Alaska doubles the rate of gun deaths in the U.S. by CARLOS MATías
The rate of gun deaths has increased by 34% in the decade from 2011 to 2020. That is; they have been one percent more than in the rest of the country, at 33%. This is data from the Center for Disease Control (CDC) and the National Center for Health Statistics. Nearly four in ten fatalities were Alaska Native; nearly three in ten were black; one in six were Latino; and one in ten were of Asian origin.
Latinos and those of Asian origin (especially Korean Americans) are the two population groups that have suffered the most as victims of gun violence in recent years, and they are increasingly fearful of being attacked in the immediate future. According to statistics from the EveryTown For Gun Safety Foundation’s EveryStat tool, 173 people are killed by firearms in Alaska in an average year, representing a rate of 23.4 deaths per 100,000 people.
The rate of gun violence deaths in Alaska increased 34% between 2011 and 2020, one percent more than the 33% increase recorded for the country. This means that there were 49 more-gun deaths in Alaska in 2020 than there were in 2011. 39.3% of those killed by firearms were Alaska native, 29.3% were Black of African American origin; 15.5% were Latino; and 11.1% were Asian.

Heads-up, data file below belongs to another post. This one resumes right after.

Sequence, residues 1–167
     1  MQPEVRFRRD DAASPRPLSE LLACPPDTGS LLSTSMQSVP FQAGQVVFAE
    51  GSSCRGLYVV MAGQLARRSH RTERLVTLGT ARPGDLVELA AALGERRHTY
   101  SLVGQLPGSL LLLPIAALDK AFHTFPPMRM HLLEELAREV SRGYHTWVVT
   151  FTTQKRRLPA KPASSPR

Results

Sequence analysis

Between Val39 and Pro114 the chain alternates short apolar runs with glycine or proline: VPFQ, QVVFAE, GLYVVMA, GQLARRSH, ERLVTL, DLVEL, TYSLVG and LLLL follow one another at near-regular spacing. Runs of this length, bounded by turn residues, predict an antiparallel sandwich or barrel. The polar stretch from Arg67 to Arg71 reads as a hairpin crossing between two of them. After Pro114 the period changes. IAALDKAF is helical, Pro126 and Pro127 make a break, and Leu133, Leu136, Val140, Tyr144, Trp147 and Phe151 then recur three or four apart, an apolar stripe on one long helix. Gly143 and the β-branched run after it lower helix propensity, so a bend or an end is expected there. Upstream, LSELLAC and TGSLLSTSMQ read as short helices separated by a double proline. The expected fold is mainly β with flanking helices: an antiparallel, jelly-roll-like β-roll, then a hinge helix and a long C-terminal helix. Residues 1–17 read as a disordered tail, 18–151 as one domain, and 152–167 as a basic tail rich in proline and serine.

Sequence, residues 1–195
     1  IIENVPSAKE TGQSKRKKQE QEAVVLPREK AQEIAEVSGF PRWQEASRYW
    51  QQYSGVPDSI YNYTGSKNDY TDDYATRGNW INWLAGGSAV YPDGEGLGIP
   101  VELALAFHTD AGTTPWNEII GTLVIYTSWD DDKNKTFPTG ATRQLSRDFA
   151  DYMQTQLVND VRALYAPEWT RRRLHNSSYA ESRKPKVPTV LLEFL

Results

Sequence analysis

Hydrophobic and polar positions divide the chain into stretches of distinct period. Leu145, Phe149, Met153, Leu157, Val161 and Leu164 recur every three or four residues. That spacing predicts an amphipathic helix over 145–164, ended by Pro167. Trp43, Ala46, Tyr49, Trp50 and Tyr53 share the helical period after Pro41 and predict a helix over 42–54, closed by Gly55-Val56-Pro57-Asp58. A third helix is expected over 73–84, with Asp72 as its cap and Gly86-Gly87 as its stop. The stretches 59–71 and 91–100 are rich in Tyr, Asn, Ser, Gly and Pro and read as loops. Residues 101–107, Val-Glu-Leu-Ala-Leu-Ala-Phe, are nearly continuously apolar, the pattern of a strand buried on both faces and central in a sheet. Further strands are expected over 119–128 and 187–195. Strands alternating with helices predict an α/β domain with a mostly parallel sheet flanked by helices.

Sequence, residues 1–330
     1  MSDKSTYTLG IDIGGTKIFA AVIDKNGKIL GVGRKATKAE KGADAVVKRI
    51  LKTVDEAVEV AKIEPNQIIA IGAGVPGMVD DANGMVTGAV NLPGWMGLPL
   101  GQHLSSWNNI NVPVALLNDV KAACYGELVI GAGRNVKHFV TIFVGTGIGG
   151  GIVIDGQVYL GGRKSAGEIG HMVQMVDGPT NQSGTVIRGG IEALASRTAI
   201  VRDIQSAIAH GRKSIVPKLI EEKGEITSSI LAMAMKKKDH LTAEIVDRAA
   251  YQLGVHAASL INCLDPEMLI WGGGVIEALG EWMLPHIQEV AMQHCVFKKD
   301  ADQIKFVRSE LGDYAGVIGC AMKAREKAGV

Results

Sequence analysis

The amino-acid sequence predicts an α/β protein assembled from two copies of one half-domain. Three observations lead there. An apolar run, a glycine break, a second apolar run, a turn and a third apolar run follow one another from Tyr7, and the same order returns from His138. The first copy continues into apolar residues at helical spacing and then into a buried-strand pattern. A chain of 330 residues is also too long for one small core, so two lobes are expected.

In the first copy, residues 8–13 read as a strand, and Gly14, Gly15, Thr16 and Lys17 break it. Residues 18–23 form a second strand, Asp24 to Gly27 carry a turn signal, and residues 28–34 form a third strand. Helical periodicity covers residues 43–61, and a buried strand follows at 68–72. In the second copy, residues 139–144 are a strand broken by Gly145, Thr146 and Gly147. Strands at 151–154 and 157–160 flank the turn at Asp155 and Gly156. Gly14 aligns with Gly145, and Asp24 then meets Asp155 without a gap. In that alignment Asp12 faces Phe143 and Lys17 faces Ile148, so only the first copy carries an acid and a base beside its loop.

In Alaska, 68% of gun deaths have been suicides, averaging 118 deaths per year. This rate of gun suicides increased 27% from 2011 to 2020, while the increase measured nationwide was 12%. But gun violence costs Alaska $1.1 billion each year, $42.8 million of which is paid for by taxpayers. Gun homicides, assaults, and shootings by police cost Alaska $389 million each year. Alaska ranks 14th. The highest cost of firearm homicides, assault and battery injuries, and police shootings in the U.S. is $526 per capita. Alaska has 46 firearm homicides each year. This is the highest rate of firearm homicides nationwide. Black people are five times more likely to be killed by firearms than the white population.
Sol de Medianoche has asked to interview the top representatives of the main organizations that demand stricter control of firearms in the hands of private citizens, or even the total eradication of their possession. But none of them were able to attend us because their agenda is full of meetings and activities aimed at “doing something” against the indiscriminate possession of weapons, “especially when they are no longer defense weapons, but automatic weapons of attack, intended for cases of war,” as one of them informally told us. Only Patrick Davis, communications officer for Public Citizen, promoter of the Gun Control NOW campaign, has provided us with access to the numerous studies and statistics reflected in this article.
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